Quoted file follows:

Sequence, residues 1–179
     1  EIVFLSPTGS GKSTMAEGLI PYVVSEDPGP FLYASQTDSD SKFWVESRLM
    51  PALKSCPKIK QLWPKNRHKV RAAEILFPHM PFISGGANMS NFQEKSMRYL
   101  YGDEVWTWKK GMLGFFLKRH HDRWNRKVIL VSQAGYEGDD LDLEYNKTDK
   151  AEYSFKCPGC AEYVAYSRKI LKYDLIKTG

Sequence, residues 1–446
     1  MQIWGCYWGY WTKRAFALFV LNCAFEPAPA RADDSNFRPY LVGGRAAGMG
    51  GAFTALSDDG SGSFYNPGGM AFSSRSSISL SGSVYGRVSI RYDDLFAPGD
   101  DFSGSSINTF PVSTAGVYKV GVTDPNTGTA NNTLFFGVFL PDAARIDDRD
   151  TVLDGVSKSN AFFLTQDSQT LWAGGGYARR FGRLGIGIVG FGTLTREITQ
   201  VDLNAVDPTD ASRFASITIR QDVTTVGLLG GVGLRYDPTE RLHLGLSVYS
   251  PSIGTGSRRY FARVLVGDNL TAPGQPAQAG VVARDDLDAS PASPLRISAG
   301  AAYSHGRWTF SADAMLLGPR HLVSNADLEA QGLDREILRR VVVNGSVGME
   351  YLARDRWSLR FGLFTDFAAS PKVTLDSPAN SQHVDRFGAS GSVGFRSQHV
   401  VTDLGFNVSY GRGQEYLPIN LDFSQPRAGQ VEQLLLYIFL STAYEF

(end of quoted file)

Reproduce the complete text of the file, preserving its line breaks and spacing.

Sequence, residues 1–179
     1  EIVFLSPTGS GKSTMAEGLI PYVVSEDPGP FLYASQTDSD SKFWVESRLM
    51  PALKSCPKIK QLWPKNRHKV RAAEILFPHM PFISGGANMS NFQEKSMRYL
   101  YGDEVWTWKK GMLGFFLKRH HDRWNRKVIL VSQAGYEGDD LDLEYNKTDK
   151  AEYSFKCPGC AEYVAYSRKI LKYDLIKTG

Sequence, residues 1–446
     1  MQIWGCYWGY WTKRAFALFV LNCAFEPAPA RADDSNFRPY LVGGRAAGMG
    51  GAFTALSDDG SGSFYNPGGM AFSSRSSISL SGSVYGRVSI RYDDLFAPGD
   101  DFSGSSINTF PVSTAGVYKV GVTDPNTGTA NNTLFFGVFL PDAARIDDRD
   151  TVLDGVSKSN AFFLTQDSQT LWAGGGYARR FGRLGIGIVG FGTLTREITQ
   201  VDLNAVDPTD ASRFASITIR QDVTTVGLLG GVGLRYDPTE RLHLGLSVYS
   251  PSIGTGSRRY FARVLVGDNL TAPGQPAQAG VVARDDLDAS PASPLRISAG
   301  AAYSHGRWTF SADAMLLGPR HLVSNADLEA QGLDREILRR VVVNGSVGME
   351  YLARDRWSLR FGLFTDFAAS PKVTLDSPAN SQHVDRFGAS GSVGFRSQHV
   401  VTDLGFNVSY GRGQEYLPIN LDFSQPRAGQ VEQLLLYIFL STAYEF